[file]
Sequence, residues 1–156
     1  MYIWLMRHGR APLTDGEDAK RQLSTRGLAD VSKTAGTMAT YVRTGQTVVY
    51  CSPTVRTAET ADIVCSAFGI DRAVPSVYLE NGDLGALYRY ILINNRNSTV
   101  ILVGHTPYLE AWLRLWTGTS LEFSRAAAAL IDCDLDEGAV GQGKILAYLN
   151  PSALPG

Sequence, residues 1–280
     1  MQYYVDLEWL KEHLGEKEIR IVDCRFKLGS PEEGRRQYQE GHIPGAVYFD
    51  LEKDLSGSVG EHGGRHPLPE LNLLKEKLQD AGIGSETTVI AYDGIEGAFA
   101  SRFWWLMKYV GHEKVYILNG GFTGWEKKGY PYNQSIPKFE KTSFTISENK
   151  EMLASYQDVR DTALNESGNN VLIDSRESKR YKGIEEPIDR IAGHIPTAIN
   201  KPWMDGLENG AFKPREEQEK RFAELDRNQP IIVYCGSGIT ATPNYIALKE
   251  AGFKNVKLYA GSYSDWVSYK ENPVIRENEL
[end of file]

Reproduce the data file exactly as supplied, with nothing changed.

Sequence, residues 1–156
     1  MYIWLMRHGR APLTDGEDAK RQLSTRGLAD VSKTAGTMAT YVRTGQTVVY
    51  CSPTVRTAET ADIVCSAFGI DRAVPSVYLE NGDLGALYRY ILINNRNSTV
   101  ILVGHTPYLE AWLRLWTGTS LEFSRAAAAL IDCDLDEGAV GQGKILAYLN
   151  PSALPG

Sequence, residues 1–280
     1  MQYYVDLEWL KEHLGEKEIR IVDCRFKLGS PEEGRRQYQE GHIPGAVYFD
    51  LEKDLSGSVG EHGGRHPLPE LNLLKEKLQD AGIGSETTVI AYDGIEGAFA
   101  SRFWWLMKYV GHEKVYILNG GFTGWEKKGY PYNQSIPKFE KTSFTISENK
   151  EMLASYQDVR DTALNESGNN VLIDSRESKR YKGIEEPIDR IAGHIPTAIN
   201  KPWMDGLENG AFKPREEQEK RFAELDRNQP IIVYCGSGIT ATPNYIALKE
   251  AGFKNVKLYA GSYSDWVSYK ENPVIRENEL